20 July 2020

Change versus more of the same: Summer 2020 edition #nlpoli

Spring 1994.

At the point Clyde Wells spoke to the graduating class of Memorial University’s business school that year, the administration he led had already started getting government spending under control and transforming the economy.  Wells goes through all of that with the class, why government was undertaking the changes, and what he hoped would be the outcome. 

Give the speech a listen.  It’s only 38 minutes and it is striking on a few levels.  First of all, think of the last time you heard a Premier speak to an audience in Newfoundland and Labrador this calmly, rationally, and with as much detail.  This is not a speech of clever quips or turns of phrase.  This is basic information.

Second, notice that Wells talks about protecting the vulnerable in society while, at the same time, making some significant changes in government and society.  This was an incredibly important aspect of what the government did at the time.  Anyone who ignores this when describing events in the 1990s is either a partisan troll or someone who simply doesn’t know what he or she is talking about.
Third, notice the point when Wells talks about the potential for oil and interest in developing Terra Nova.  Within the decade after Wells delivered this speech, oil companies had brought two more fields online and had started talking about the fourth field.  Those are the royalty deals that delivered the cash windfalls in the decade after 2005. In every single deal, including the Hebron deal, the part of the agreement that delivered the most cash to the province came from the pre-2003 royalty regime.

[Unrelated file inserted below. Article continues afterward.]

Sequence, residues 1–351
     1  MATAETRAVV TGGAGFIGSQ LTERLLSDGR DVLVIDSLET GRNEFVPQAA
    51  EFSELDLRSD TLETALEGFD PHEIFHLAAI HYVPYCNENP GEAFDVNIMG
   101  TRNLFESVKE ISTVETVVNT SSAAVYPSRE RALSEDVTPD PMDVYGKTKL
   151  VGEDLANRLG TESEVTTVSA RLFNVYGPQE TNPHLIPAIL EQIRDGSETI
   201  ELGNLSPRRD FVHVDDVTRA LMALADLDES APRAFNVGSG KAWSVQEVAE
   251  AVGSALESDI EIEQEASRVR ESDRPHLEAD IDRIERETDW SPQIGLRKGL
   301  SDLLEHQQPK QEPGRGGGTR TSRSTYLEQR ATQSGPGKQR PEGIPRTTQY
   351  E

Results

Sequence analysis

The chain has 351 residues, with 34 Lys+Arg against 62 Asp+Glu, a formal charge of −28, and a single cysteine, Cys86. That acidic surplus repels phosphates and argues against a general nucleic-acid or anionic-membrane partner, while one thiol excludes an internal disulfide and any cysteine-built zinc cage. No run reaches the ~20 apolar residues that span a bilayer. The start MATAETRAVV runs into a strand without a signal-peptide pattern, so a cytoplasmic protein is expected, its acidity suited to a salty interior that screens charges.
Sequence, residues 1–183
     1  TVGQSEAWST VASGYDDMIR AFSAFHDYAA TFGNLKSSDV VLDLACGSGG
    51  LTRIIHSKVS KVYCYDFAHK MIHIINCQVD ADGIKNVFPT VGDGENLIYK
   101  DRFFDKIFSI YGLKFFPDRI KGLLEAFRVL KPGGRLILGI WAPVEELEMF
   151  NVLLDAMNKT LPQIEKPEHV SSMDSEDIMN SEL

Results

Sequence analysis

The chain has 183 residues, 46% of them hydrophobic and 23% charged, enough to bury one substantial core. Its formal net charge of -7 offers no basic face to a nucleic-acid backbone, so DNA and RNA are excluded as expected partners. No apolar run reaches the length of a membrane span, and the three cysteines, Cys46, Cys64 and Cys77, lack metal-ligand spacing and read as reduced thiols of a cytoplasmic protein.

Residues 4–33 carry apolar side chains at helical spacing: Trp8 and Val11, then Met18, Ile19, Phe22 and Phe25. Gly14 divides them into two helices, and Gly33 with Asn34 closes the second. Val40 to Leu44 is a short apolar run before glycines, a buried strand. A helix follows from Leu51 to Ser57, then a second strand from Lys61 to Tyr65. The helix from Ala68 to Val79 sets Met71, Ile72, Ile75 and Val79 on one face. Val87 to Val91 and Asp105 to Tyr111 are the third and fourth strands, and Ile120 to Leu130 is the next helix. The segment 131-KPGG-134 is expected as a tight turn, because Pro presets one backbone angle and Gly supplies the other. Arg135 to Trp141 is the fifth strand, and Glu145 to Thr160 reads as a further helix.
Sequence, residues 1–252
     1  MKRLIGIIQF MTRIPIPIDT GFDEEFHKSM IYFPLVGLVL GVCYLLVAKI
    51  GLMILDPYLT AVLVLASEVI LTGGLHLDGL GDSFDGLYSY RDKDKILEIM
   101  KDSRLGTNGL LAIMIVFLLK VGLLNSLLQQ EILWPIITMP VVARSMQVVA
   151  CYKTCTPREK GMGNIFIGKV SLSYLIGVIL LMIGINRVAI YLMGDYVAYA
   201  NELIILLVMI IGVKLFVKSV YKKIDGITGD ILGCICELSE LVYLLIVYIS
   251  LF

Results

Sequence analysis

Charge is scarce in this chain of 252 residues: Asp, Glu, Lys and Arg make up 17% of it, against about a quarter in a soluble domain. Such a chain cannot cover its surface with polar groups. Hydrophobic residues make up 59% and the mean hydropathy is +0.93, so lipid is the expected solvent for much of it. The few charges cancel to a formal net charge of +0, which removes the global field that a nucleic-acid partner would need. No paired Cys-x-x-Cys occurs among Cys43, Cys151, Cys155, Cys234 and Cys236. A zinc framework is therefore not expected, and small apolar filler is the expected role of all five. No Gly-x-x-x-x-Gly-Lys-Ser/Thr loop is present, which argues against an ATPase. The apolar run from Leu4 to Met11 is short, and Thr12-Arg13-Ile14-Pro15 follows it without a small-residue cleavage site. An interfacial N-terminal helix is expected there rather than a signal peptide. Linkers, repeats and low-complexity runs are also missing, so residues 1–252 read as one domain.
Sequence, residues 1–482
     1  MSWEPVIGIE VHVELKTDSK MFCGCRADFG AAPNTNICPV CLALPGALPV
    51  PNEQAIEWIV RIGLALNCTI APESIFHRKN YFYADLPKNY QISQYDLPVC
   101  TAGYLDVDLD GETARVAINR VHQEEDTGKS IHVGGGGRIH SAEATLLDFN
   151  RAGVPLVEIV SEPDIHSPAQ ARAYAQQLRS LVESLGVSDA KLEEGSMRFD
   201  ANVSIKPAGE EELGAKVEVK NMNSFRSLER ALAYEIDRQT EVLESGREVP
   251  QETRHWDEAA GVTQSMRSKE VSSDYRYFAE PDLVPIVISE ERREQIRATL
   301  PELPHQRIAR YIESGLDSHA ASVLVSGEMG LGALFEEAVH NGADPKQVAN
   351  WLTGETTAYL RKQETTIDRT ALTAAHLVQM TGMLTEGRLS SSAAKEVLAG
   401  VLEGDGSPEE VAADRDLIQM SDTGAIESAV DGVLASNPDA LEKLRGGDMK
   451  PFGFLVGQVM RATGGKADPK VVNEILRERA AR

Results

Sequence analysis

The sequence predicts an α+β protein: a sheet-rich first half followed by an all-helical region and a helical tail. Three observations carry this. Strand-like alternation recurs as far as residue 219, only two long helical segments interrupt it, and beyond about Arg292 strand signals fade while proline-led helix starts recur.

Then notice that it only took 10 years of spectacularly bad policy choices for the Williams Conservatives to demolish everything. They flipped back to the 1970s in energy policy and economic development.  The started overspending in 2006-2007, then continued that overspending through the recession in 2008-09 and with the downturns in commodity prices in 2013 and 2015.

10 years - 1994 to 2005  - to turn things around.

10 years - 2005 to 2015 - to wreck the place.

Ya gotta have a Plan C, Dwight
Dwight Ball and the Liberals kept in place all of the bad strategic policies of the Conservatives when they took office in 2015.  That’s why the problems facing the provincial government didn’t get any better after 2015 and, with the collapse of oil prices *before* the pandemic basically returned us to the massive deficits of 2014 and 2015.  This was a predictable situation and a result of deliberate risk that Dwight Ball and Tom Osborne ran.  There was no Plan B, which is why Dwight Ball’s only response to the financial mess that appeared in March 2020 was to write a panicked and panicky letter to the Prime Minister.

The new Premier who takes office in August will face the immediate financial problem of a deficit of somewhere between $1.6 billion and $2.4 billion.  Deficits will likely a billion dollars or more as the pandemic lingers and oil prices remain suppressed.  But even if those two issues disappeared magically by Labour Day, Muskrat Falls and all the strategic problems resulting from the disastrous policies after 2005 will continue to dog the province.

We should be five years on the road to recovery, but we aren’t because Dwight Ball and his team went into office without a clear plan to change things.  Arguably, Ball himself intended to continue on the same path.  So, the question we have for August is whether the new Premier will start the fundamental strategic changes needed to fix our problems or we will get more of the same.